Capitol Research

In February, the Centers for Disease Control and Prevention released the Prevalence of Healthy Sleep Duration among Adults—United States, 2014 report, which found that nearly 35 percent of U.S. adults ages 18-60 are not getting the recommended seven hours of sleep per night. The average hours of sleep Americans get each night vary across states and across geographic locations, the average hours of sleep Americans get each night also vary across racial and ethnic groups, age groups, employment statuses, levels of educational attainment, and relationship statuses.The implications of sleep deprivation extend beyond individual health and can impact public safety and the workforce.

Rideshare services such as Uber and Lyft have produced a whirlwind of state government activity since 2013 with more than 30 states and the District of Columbia approving legislation to address the legality of the services and a host of other issues. The issue of the adequacy of insurance for rideshare drivers has produced some of the most significant questions for lawmakers. A model law developed by the National Conference of Insurance Legislators has become a template for many of the state laws passed in recent months but some states have approved rideshare laws with unique features.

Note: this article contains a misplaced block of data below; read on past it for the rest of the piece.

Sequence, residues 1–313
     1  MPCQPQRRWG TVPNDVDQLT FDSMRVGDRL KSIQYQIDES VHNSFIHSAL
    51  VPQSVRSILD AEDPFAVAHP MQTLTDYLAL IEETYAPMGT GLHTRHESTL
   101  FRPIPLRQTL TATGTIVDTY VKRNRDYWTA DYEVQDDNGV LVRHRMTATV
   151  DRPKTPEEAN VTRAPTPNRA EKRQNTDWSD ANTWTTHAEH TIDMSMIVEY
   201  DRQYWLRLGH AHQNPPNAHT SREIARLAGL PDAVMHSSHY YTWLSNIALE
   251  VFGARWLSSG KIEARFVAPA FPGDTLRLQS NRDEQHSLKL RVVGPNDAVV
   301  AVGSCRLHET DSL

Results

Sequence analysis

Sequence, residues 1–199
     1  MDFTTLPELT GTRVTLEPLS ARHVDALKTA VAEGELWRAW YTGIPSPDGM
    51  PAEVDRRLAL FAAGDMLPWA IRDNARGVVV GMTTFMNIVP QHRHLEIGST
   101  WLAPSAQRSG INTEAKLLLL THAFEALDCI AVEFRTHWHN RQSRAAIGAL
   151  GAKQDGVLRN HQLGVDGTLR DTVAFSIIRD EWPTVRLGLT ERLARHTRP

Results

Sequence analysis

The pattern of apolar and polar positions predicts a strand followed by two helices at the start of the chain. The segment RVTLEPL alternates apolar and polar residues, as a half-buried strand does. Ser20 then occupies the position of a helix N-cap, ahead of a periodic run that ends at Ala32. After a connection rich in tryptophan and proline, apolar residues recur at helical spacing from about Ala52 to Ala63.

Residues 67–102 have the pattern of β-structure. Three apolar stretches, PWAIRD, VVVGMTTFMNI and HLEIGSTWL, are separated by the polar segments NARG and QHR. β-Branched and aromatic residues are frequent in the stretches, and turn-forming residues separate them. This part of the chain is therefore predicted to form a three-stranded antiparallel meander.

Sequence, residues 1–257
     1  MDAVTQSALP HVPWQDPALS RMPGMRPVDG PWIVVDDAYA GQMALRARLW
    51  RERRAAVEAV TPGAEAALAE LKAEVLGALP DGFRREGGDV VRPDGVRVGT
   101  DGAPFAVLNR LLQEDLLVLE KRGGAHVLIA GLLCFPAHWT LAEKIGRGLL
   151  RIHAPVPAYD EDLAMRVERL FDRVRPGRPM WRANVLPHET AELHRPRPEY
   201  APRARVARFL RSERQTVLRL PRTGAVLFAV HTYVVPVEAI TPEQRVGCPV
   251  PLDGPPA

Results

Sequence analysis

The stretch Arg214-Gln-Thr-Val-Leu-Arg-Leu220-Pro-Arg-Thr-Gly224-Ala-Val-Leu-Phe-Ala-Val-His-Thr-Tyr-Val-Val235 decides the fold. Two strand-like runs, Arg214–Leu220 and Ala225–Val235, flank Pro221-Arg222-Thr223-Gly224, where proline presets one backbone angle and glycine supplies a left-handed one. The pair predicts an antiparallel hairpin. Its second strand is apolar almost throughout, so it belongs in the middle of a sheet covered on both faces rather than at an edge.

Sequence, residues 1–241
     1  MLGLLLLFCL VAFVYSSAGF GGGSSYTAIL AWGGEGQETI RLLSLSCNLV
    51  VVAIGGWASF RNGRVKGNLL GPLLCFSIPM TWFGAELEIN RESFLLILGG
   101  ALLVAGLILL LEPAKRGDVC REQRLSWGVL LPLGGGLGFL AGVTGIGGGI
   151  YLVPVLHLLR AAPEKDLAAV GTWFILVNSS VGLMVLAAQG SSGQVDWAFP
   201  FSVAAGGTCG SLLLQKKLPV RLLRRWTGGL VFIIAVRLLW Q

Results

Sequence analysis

In 2016, 45 states plus the District of Columbia have sales taxes in place and five states do not. Tax rates in 2016 remained relatively unchanged from 2015, but have been creeping slowly upward over the past decade.

As of Feb. 2, 2016, scholarship tax credits were available in 18 states. Scholarship tax credit programs are used to provide a form of school choice, allowing individuals or corporations to receive a tax credit on state taxes for donations made to grant private school scholarships. Scholarship tax credit programs are also known as tuition tax credits and education tax credits. Some states provide parents the opportunity to deduct all or a portion of their child’s private school tuition from their state taxes. Others provide corporations the ability to donate to an approved non-profit scholarship funding organization and apply for a tax credit for the donation.

On Dec. 9, the U.S. Supreme Court held oral arguments on Fisher v. University of Texas at Austin, an important case that addresses the constitutionality of considering race in public university admissions decisions. Fisher v. Texas dates back to 2008 when Sugar Land High School student Abigail Fisher was denied admission to the University of Texas at Austin, or UT-Austin. The facts in Fisher v. Texas reflect the decades-long evolution of the use of race as a factor in university admissions. Currently eight states ban race-based affirmative action at all public universities. Despite the bans, public flagship universities in nearly all of these states have implemented alternative methods to promote racial, ethnic and socioeconomic diversity on campus.